You’re throwing money away!

I am for the first time seriously considering making a bid on a home. Coincidentally, two seemingly intelligent women chattering next to me at lunch today agreed that when renting “you are throwing money away”, whereas buying a house means you will (somehow) get that money back. It’s bizarre that most people don’t understand the true cost of owning a home.

A good place to start is to run your current housing situation through the excellent Buy vs. Rent calculator from the NYTimes. The table below the chart outlines all the expenses for buying. Except for principle payments, everything else in that list is the equivalent of rent, i.e. you’re throwing it away. The calculator already adjusts for the interest and property tax deductions from your taxes. You also “throw away” the closing costs, selling costs, and the lost investment income from your down payment. And don’t forget the ludicrously high condo/co-op fees. Your profit comes entirely from home appreciation, which is historically 2-3% on a 5X leveraged investment. As the recent global financial meltdown should have taught everyone, housing can also be a risky investment.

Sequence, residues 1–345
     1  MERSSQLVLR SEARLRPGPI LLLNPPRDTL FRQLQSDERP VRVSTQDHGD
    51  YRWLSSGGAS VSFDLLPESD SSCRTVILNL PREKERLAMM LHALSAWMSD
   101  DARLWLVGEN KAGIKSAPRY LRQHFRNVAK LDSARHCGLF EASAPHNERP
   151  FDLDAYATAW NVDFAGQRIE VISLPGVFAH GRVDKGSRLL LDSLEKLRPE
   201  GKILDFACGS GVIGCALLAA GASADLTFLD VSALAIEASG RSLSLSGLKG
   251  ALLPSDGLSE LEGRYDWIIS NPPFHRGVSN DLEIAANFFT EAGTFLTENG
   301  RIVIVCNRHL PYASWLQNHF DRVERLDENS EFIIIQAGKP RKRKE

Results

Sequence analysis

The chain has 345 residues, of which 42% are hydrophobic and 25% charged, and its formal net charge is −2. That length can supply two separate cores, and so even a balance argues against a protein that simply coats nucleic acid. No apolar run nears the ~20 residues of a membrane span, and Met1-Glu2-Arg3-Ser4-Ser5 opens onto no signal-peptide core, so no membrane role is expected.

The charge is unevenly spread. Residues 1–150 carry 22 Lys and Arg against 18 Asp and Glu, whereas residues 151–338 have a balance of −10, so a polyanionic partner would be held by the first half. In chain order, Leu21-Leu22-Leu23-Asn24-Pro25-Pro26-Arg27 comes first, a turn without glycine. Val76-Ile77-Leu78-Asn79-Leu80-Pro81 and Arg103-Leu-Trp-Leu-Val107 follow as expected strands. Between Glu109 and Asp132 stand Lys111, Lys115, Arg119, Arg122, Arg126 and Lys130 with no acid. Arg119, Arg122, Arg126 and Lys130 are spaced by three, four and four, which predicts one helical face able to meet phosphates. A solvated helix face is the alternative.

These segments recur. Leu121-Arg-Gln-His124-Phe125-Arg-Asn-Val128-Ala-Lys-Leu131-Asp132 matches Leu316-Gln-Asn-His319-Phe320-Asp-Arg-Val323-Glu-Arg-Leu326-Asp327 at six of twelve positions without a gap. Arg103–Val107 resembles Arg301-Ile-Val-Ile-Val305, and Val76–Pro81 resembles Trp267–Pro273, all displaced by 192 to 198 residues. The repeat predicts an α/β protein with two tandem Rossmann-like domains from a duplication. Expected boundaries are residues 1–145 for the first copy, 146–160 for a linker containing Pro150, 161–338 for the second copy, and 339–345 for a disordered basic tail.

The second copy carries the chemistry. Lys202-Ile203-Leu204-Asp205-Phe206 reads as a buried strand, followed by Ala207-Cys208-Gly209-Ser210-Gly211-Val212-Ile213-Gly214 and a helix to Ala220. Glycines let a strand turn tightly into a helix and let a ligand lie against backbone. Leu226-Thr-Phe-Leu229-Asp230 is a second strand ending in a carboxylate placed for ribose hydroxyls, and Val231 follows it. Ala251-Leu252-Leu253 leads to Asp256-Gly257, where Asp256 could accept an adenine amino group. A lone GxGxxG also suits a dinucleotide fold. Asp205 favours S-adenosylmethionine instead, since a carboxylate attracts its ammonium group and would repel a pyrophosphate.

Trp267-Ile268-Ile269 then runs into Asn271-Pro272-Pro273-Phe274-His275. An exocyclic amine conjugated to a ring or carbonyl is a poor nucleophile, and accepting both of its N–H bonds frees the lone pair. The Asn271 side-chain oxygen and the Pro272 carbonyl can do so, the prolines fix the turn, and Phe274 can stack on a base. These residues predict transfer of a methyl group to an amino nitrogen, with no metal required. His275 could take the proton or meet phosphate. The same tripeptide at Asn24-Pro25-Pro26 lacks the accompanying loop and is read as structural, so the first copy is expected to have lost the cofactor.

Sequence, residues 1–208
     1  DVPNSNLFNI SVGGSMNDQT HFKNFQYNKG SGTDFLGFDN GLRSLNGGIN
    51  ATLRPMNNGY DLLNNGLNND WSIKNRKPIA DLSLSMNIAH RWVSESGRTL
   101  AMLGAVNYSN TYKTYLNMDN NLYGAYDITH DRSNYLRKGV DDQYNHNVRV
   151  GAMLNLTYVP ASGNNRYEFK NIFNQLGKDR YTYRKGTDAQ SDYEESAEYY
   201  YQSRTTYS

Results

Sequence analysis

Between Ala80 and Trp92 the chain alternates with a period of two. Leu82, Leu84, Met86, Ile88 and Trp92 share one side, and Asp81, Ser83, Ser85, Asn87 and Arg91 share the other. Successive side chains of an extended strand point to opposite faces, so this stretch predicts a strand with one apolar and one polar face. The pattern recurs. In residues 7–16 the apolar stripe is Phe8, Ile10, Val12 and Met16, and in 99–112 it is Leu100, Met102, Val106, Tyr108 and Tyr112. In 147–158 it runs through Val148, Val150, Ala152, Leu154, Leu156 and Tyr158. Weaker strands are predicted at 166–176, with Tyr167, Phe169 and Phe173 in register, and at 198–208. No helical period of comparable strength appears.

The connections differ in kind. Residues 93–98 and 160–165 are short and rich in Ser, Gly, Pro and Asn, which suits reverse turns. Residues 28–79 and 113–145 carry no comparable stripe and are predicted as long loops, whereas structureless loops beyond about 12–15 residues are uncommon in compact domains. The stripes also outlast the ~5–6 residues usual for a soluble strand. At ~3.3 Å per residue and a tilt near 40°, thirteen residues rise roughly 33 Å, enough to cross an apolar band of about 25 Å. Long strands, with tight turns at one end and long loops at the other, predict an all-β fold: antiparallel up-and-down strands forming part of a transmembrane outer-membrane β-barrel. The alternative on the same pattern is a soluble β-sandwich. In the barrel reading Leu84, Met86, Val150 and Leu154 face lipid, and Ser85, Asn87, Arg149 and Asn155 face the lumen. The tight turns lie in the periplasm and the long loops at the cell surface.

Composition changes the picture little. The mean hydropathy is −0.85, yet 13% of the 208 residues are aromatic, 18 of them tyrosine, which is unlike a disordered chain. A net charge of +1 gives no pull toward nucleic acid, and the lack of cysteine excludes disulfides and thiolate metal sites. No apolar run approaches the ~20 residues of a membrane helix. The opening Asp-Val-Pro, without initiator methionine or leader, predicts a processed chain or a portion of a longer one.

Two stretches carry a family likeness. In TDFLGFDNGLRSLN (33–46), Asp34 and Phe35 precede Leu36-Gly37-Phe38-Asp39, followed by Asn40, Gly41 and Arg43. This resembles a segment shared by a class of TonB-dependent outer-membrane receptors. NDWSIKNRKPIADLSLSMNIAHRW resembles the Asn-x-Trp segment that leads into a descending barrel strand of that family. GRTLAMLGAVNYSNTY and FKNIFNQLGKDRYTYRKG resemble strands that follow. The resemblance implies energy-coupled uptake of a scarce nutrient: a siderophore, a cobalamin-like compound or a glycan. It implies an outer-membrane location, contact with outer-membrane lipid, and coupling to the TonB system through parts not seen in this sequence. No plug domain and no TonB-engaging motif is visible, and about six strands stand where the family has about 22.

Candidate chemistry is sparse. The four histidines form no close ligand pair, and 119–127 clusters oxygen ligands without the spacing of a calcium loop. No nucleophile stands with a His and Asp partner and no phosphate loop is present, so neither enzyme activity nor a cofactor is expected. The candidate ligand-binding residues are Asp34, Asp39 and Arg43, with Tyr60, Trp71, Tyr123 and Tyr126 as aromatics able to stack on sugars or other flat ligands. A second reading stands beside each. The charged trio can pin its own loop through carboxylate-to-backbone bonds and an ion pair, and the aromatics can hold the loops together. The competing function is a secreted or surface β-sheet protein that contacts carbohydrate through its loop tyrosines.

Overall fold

Outside most urban areas, housing is usually a good deal relative to renting. A rule of thumb is a house should be cheaper than equivalent rent times 240. In urban areas both housing and rent are insanely expensive. The housing meltdown may have finally caused some homes to dip below equivalent rentals. Many of the homes I’ve looked at in my neighborhood near Manhattan have suffered a 10-20% loss. Due to leverage, that is a 50-100% loss of their down payment. That is in addition to all those monthly costs already mentioned above. All these people threw their money away on overpriced homes.


One comment

  1. Mike Hall

    Agreed. I have noticed the trend: Irrationality has an exponential relationship to price.

    Consider the following:
    1. Buyers go to the grocery and debate between organic vs. pesticide laden grapes.
    2. The same buyers go to the car dealer, pay >10% more for the “new” tag, and make decisions based on color and leather interiors (and don’t forget the new car smell).
    3. The same buyers go out on the housing market and do 10 minute walk-through with an agent (whom they seem convinced is on their side) and make completely emotional based decisions on the largest purchase (or accumulation of debt) of their lives.

    Of course, there are many fields of interest regarding just this topic:

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